‘i) The SSHD’s decision: a) to refuse to accept that the Claimant’s representations amounted to a fresh asylum/human rights claim per para 353 of the Immigration Rules and/or b) not to exercise her discretion under paragraph 353B to treat the Claimant’s case on an exceptional basis
ii) The SSHD’s decision to set removal directions in respect of the Claimant and to maintain those prior (it is alleged) to any or any proper and lawful consideration of representations. (The Claimant recognises that the order granting permission does not grant permission to challenge the decision to set removal directions in themselves. In addition the decision to set removal directions has long since passed and is now academic. If the claim fails then the SSHD will set new removal directions; if the claim succeeds the SSHD will not seek to remove pending the appeal.)
iii) The SSHD’s decision a) to refuse to accept the Claimant’s representations amounted to a fresh asylum/human rights claim, and b) the failure of the SSHD to exercise her discretion under paragraph 353B to treat the Claimant’s case on an exceptional basis.
The court was asked as to the setxent to which a trade mark holder could limit the use of similar logos by a competitor embroidering a near replica on items of clothing.
Held: In this case they did infringe.
Taxation – whether gaming or bettingCourt: UTTC
ECJ Appeal – Public contract awarded by the Commission – Rejection of the tender – Obligation to state the reasons on which the decision is based – Regulation (EC, Euratom) No 1605/2002 – Article 100(2) – Time-limit for replying to a request for information – Regulation (EC, Euratom) No 2342/2002 – Article 149(2)Court: ECJ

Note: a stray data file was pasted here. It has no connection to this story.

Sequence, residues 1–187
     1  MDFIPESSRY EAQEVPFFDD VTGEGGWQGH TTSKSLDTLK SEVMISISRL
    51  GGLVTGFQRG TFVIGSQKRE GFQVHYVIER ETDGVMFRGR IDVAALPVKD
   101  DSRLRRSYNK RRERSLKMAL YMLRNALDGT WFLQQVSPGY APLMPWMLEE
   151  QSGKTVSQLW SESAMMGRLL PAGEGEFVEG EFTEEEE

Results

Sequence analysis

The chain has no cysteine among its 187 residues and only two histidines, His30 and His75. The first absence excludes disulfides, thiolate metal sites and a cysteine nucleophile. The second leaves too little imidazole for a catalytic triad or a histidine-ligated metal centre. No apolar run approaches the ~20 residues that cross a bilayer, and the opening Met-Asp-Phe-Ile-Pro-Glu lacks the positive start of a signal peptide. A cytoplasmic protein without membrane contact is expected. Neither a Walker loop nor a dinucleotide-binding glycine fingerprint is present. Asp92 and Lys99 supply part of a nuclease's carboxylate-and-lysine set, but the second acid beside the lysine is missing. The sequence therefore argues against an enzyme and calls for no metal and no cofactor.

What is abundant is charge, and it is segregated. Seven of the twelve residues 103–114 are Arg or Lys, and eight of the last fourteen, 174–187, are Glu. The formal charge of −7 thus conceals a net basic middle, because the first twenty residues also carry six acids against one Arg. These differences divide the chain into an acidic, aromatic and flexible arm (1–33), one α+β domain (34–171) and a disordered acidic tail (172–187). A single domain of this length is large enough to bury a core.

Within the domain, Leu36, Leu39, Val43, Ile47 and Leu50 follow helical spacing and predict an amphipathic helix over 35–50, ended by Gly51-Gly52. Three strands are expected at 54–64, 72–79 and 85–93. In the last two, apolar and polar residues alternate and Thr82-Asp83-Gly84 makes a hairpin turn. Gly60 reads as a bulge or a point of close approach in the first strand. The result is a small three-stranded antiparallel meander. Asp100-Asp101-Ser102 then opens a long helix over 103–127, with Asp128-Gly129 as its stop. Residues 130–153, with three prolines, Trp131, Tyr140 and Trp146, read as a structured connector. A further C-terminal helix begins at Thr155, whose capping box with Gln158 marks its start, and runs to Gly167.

Where land had been acquired under the Act on trusts related specifically to the provision of education in accordance with a specified religion, the abandonment by the school of that purpose meant that the land reverted immediately to the original donor. It was clear that the trust established was not merely for educational purposes where the religious element was incidental. That element was the purpose of the gift.Court: ChD
Where an action was commenced before the new rules came into effect, but an application to strike out an action was issued and decided after they came into effect, that application could not be decided under the old rules. The new rules applied fundamentally different tests, and these tests had to be applied.Court: CA
An authority sending a young and inexperienced worker on a camping holiday with very limited provisions and no instruction, was partially responsible when she changed a gas canister near a lighted candle causing an explosion and fire and consequential injury. She might have known better, but the provision of candles implied that she was to use them.Court: CA
The protection of confidentiality could be granted to an idea only once it was particularised into a definite product or which was capable of being put into practice. In order to attract confidence an idea must (a) contain some significant element of originality; (b) be clearly identifiable (as an idea of the confider); (c) be of potential commercial attractiveness; and (d) be sufficiently well developed to be capable of actual realisation.Court: ChD
ECJ Right of citizens of the Union and their family members to move and reside freely within the territory of the Member States – Directive 2004/38/EC – Article 27 – Administrative prohibition on leaving the territory on account of failure to pay a debt owed to a private legal person – Principle of legal certainty with regard to administrative acts which have become final – Principles of equivalence and effectivenessCourt: ECJ
No exception to prohibition to action quanti minoris on sale and lease.Court: IHCS